Metastatic malignant melanoma remains a disease with a very poor prognosis and median survival duration of less than one year. Durable remissions with conventional therapy are rare and therefore clinical trials remain a primary treatment modality for metastatic disease. There are 2 currently FDA-approved therapies for metastatic melanoma. Chemotherapy with single agent parenteral dacarbazine or its oral pro-drug, temozolomide, are capable of producing responses in 6.5 to 20% of patients. These responses are usually minor to partial at best and are not durable. Combination with other chemotherapeutic drugs has not been successful. The immune system also seems to play a role in malignant melanoma. High dose Interferon therapy is the current standard therapy for the adjuvant treatment of stage IIB, IIC and III melanoma after surgical resection in which it has shown to result in modest improvements in disease free survival and overall survival. In metastatic disease, various immunologic approaches have been employed as well. High dose IL-2 can produce a response rate of about 10-15% in patients with metastatic melanoma. About 5-10% of responses are complete and some of these complete responses are durable so that the lucky few patients who have a durable complete response are for all intents and purposes cured. Attempts to combine chemotherapy with immunotherapy, although improving response rates, has not impacted survival as summarized in recent meta-analysis.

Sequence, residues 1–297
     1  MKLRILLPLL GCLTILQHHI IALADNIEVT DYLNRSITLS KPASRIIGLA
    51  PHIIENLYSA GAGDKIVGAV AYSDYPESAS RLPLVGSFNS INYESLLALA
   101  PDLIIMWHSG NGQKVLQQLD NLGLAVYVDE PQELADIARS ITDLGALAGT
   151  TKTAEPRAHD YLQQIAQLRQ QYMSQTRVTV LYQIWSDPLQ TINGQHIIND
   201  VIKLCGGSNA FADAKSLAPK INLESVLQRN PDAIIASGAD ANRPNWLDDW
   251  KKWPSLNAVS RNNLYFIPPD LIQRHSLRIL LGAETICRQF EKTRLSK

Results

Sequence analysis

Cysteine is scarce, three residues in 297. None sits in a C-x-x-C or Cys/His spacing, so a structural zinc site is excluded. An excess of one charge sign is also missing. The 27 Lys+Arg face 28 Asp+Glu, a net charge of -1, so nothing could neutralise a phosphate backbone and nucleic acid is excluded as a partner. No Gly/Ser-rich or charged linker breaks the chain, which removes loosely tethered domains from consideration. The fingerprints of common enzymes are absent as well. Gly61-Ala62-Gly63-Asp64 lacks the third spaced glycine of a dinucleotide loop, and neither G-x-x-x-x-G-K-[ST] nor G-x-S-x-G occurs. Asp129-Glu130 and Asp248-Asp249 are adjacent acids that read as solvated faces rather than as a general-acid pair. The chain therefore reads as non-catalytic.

Interventional
Phase 2
Allocation: Non-Randomized
Endpoint Classification: Safety/Efficacy Study
Intervention Model: Single Group Assignment
Masking: Open Label
Primary Purpose: Treatment
Malignant Melanoma
  • Drug: Interleukin-2
    up to a maximum of 14 doses at 600,000 IU/kg
    Other Name: IL-2
  • Drug: Interleukin-2
    If complete response, patient would have one course of treatment. If patient has stable, disease, partial response or minor response, patient would have 2 courses courses.
    Other Name: IL-2
  • Drug: Temozolomide
    Patients would receive temozolomide at 75 mg/m2 beginning 28 days after discharge from receipt of the second cycle of high dose IL-2. Patients would take the medication at bedtime daily. Four weeks after cycle 2 of a course, they would take it for 21 days.
    Other Names:
    • temodar
    • temodol
  • Experimental: Course 1 of HD IL-2
    Patients will be given cycle 1 HD IL-2 600,000 IU/kg. On the day after discharge, patients will be given oral temozolomide at 75 mg/m2 daily for 7 days. Cycle 2 - patients will HD IL-2 600,000 IU/kg. Patient will receive temozolomide at 75 mg/m2 for 21 days after discharge.